Roads will be the busiest in years, but gas prices are near the lowest they've been in almost a decade. a U.S. government report finds. File photo by Stephen Shaver/UPI | License Photo
WASHINGTON, Nov. 23 (UPI) -- U.S. travelers leaving early on Wednesday to get a head start on the holiday will see some of the lowest gas prices in nearly a decade, the government said.
U.S. market activity is light and the trading week is shortened because of the long Thanksgiving holiday. Motor club AAA expects nearly 50 million people will be traveling 50 miles or more this holiday, the most since 2007. Of those, almost 90 percent will drive.
AAA reports a national average retail price for a gallon of regular unleaded gasoline at $2.13 for Wednesday, down just a fraction from one week ago. Gas prices are higher than the $2.07 average for this time last year, but are the second lowest for the Thanksgiving holiday since 2008, the U.S. Energy Information Administration reported.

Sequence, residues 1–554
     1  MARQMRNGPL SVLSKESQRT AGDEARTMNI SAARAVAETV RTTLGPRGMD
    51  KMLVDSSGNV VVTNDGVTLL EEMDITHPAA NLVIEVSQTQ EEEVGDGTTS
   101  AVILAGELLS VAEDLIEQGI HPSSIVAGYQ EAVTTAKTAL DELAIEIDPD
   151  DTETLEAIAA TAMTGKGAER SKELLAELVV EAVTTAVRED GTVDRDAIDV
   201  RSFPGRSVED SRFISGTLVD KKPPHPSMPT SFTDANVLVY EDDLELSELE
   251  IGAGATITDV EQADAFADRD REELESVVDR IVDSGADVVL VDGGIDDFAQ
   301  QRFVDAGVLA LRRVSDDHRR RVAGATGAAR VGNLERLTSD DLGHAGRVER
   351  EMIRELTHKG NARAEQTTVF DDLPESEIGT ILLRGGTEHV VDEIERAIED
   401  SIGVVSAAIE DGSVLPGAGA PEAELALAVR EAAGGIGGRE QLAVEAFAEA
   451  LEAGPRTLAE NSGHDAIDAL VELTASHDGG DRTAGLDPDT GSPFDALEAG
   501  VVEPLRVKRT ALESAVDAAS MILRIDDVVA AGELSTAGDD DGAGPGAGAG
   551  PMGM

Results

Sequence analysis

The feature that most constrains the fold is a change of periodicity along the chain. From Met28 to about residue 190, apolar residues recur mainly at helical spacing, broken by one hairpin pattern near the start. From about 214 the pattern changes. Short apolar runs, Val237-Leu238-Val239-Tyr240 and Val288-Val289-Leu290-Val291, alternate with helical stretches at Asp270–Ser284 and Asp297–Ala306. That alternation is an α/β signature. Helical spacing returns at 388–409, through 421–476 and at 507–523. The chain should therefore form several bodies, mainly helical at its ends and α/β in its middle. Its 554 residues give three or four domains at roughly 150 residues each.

According to AAA, prices range from the high point of $2.68 for the state average in California to a low of $1.88 per gallon for the state average in Oklahoma.
EIA notes that gasoline prices are linked closely to crude oil prices, which have been volatile in recent trading sessions because of the anticipation building over what happens next for the Organization of Petroleum Exporting Countries.
OPEC members, along with Russia, are trying to formalize a production proposal aimed at pulling the market back toward balance. OPEC and Russian crude oil production are already at or near record levels and coordinating policy around the interests of more than a dozen players may prove difficult.
If members agree on a concrete proposal next week, crude oil prices would likely move higher and that could potentially trickle down to consumers. Regardless of the outcome, EIA said crude oil markets remain oversupplied.
"Total petroleum and other liquids production continues to outpace consumption globally, resulting in growing inventories and downward pressure on prices," its report read.